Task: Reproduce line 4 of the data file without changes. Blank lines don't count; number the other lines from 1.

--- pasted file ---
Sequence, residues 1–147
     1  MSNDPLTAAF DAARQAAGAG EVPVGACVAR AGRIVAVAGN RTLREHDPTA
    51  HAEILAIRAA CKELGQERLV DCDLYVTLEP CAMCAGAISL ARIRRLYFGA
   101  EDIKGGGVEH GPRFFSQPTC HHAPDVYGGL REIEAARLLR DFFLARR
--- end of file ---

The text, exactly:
   101  EDIKGGGVEH GPRFFSQPTC HHAPDVYGGL REIEAARLLR DFFLARR